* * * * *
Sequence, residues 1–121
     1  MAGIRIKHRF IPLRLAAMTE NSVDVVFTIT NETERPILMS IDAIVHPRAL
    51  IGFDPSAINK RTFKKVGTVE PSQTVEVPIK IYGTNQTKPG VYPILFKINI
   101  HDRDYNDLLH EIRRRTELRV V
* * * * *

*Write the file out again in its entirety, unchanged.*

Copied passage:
Sequence, residues 1–121
     1  MAGIRIKHRF IPLRLAAMTE NSVDVVFTIT NETERPILMS IDAIVHPRAL
    51  IGFDPSAINK RTFKKVGTVE PSQTVEVPIK IYGTNQTKPG VYPILFKINI
   101  HDRDYNDLLH EIRRRTELRV V